Waiting for Baby Taeh – A Look at the Providence of God During a Premature Pregnancy
Mrs. Ellen Kuber, Volunteer at Christian Life Resources
When my daughter, Johanna, suspected that she was pregnant, she went to a newly-degreed medical doctor. The doctor performed an ultrasound to determine how far along she was in the pregnancy. After detecting the amniotic sac, Johanna was told it appeared to be empty.
The doctor recommended that Johanna come back in two weeks to confirm her suspicions that the pregnancy was invalid. Or, if Johanna were too nervous to wait, she could immediately perform a vacuum aspiration. Johanna chose to talk to me before making a decision.
I advised her that she should certainly wait. The baby could simply be too small to detect at that point. If she went for an aspiration, she might actually be aborting her baby. Johanna went back several weeks later, and the doctor discovered that her baby, indeed, was living and growing! When she returned home from that appointment, the full impact of what could have happened hit Johanna. She called her doctor, explaining that she could have aborted her baby if she had chosen the doctor’s option not to wait. She announced that she wanted to see a different doctor for the remainder of her pregnancy.
Guard my life, for I am devoted to you. You are my God; save your servant who trusts in you.(Psalm 86:2)
I told Johanna about a pro-life OB/GYN I knew. Johanna became his patient.
In her 16th week of pregnancy, Johanna’s amniotic sack ruptured. At the hospital she was told she would soon miscarry. She didn’t.
Johanna was advised by her doctor that the only hope of keeping the baby until viability would be complete bed rest. She could get up only for bathroom use and one timed five-minute shower per week.
Johanna came to stay at my house so I could bring meals to her and keep her company. In addition, we arranged for weekly care by a health nurse. The doctor followed up by phone.
When the nurse first came to see Johanna, she seemed somewhat distant and unfriendly. She told us weeks later that she was under the impression Johanna was a single teen mom who hoped she would miscarry.We set her straight on the fact that Johanna was a 20-year-old married mother, happy to be expecting a baby and anxious for a healthy pregnancy. The nurse’s demeanor changed at that point as she began to take a cautious, yet friendlier, approach. I believed she was afraid to become attached to us, fearing an unhappy ending.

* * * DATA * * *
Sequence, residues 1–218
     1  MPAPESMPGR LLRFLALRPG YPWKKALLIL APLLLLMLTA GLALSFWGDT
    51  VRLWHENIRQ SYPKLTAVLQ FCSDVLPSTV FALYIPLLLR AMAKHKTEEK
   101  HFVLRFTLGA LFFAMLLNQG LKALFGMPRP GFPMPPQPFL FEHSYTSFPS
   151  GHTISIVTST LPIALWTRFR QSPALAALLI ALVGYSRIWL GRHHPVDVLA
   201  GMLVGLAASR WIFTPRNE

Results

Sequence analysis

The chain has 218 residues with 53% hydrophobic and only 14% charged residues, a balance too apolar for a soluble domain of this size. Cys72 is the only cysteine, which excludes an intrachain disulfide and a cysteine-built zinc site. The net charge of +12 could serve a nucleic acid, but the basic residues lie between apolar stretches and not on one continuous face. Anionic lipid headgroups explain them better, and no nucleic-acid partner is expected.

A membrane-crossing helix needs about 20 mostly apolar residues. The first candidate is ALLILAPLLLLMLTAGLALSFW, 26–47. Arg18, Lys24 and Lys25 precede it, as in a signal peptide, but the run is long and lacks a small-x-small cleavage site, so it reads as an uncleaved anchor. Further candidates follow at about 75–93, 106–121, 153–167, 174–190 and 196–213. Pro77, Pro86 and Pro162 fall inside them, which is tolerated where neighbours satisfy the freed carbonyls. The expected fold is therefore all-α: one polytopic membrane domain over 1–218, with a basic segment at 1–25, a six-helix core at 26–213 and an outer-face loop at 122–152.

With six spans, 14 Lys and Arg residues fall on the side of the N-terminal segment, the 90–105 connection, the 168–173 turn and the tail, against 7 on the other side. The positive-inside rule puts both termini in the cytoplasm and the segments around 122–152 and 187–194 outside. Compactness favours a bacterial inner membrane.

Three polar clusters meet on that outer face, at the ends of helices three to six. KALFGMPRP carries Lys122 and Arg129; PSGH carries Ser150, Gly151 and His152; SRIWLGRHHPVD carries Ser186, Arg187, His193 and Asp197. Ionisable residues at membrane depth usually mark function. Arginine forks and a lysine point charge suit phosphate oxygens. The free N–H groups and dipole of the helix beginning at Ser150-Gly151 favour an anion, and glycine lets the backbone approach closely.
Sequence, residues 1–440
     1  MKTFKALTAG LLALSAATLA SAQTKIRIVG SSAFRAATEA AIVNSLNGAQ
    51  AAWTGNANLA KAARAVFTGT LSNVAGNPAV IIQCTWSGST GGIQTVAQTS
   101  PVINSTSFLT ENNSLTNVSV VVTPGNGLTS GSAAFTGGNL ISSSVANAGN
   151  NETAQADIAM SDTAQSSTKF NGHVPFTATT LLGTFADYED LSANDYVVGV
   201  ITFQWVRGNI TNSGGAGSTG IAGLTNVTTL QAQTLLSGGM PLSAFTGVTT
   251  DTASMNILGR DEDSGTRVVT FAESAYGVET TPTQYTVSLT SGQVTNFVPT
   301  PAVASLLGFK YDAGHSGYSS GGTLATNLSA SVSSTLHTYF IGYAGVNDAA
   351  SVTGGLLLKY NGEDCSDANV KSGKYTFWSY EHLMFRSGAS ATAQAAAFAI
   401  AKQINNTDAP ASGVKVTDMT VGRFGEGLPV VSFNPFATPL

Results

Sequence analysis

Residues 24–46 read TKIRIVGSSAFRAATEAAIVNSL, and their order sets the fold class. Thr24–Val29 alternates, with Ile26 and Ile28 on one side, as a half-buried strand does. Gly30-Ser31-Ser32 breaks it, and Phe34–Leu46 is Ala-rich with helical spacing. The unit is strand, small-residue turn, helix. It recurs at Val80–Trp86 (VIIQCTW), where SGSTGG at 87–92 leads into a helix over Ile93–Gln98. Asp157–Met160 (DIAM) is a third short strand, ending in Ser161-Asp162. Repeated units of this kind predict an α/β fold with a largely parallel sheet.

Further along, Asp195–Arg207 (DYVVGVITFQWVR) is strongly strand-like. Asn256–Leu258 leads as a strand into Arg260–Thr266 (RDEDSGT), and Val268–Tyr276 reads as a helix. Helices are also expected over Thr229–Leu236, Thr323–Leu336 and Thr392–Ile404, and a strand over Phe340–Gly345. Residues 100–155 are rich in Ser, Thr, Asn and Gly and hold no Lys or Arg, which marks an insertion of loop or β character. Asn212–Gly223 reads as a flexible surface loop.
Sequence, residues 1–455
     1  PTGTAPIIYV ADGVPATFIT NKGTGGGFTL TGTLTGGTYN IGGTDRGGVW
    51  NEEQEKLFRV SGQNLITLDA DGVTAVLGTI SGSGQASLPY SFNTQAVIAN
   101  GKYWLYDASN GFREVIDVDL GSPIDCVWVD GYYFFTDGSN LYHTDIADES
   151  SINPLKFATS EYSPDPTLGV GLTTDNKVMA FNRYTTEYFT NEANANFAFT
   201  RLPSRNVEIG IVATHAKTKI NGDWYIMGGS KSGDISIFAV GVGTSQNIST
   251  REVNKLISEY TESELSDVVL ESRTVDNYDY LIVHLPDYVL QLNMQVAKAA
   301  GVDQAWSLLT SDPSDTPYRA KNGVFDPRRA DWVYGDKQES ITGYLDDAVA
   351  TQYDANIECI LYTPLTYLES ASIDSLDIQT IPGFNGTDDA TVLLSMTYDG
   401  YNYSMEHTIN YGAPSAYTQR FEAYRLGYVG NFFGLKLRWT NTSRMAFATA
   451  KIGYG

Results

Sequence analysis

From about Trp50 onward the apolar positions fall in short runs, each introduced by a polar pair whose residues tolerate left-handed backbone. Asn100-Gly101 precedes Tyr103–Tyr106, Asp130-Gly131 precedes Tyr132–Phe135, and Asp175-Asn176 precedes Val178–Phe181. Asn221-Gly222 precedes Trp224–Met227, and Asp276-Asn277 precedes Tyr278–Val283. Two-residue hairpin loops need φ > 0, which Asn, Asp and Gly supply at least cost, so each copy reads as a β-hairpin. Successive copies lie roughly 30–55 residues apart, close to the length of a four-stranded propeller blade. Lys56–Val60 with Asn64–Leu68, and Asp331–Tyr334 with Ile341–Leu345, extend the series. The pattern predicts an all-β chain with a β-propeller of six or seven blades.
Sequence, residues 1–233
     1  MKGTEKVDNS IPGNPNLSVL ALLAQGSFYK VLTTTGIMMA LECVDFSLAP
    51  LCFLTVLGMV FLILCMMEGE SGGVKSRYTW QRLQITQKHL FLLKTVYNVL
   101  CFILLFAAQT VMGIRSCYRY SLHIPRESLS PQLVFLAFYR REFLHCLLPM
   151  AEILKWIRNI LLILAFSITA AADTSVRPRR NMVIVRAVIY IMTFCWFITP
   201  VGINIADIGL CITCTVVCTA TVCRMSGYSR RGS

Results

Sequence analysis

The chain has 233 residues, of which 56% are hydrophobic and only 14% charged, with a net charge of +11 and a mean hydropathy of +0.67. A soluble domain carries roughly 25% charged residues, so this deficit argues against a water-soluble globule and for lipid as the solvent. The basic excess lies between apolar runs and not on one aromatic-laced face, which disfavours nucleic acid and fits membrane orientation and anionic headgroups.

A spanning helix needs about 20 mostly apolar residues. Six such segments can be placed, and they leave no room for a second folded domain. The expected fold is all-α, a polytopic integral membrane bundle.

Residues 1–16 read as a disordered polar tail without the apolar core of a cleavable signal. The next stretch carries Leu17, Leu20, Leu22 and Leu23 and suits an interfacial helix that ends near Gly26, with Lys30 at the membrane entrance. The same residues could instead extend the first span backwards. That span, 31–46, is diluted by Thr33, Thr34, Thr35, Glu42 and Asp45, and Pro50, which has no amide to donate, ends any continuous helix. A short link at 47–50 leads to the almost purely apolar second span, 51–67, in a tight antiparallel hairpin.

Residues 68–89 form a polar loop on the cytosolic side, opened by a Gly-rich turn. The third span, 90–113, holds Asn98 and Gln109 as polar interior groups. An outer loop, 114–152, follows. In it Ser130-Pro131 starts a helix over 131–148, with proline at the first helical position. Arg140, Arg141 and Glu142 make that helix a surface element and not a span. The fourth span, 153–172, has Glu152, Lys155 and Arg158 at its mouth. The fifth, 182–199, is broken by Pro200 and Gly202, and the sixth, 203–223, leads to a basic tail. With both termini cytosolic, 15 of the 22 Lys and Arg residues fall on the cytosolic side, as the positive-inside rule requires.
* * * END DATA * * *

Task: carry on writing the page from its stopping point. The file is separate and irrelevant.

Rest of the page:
The doctor made his follow-up calls but always ended with a gentle reminder, “Don’t get your hopes up too much.” Finally one week Johanna challenged him on his advice. She told him the whole reason she was on bed rest was because she DID have hope – and that was all she had. The doctor then ended his weekly call on a more upbeat note, “I’ll talk to you next week!”
He will have no fear of bad news; his heart issteadfast, trusting in the LORD. (Psalm 112:7)
After six weeks of home bed rest, Johanna’s baby reached her 22nd week. Johanna was admitted into the hospital’s perinatal center and spent the next six weeks with other mothers with high-risk pregnancies. It was a very quiet ward with little visitor activity. Nurses were sometimes startled to hear laughter coming from Johanna’s room when I visited. Anxious, they would come in to check on her – probably because they were not used to patients with high spirits on that floor. Somber visitors entering Johanna’s room would leave comforted, learning we were hopeful that Taeh would reach viability.
At 28 weeks Johanna started to have contractions. The doctor made the decision to deliver Taeh, after having first consulted his volumes of textbooks and case studies. On June 10th Taeh entered the outside world at 2 pounds, 8 ounces.
Taeh remained at the hospital’s NICU for several months. I would take Johanna to visit Taeh during the day. Once, when talking softly to Taeh, I became aware that her blanket was actually a washcloth. Her perfect little hand was the size of my thumbnail!
Despite her size, she had already taught her doctors, home health nurse, multiple nurses from the perinatal center, and many relatives and friends great lessons on hope and humanity. And prayer.
Today Taeh is 11 years old and in the 50th percentile for height and weight. She wears glasses (as does her younger brother who was full-term.) She has inherited her grandmother’s weird sense of humor and is full of spunk and energy. And she is still teaching us great lessons.
Trust in the LORD forever, for the LORD, the LORD, is the Rock eternal. (Isaiah 26:4)
Ellen Kuber is a volunteer in the national office of Christian Life Resources and has volunteered for the fran O’Meara Pregnancy Helpline. she lives with her family in Richfield, Wisconsin.
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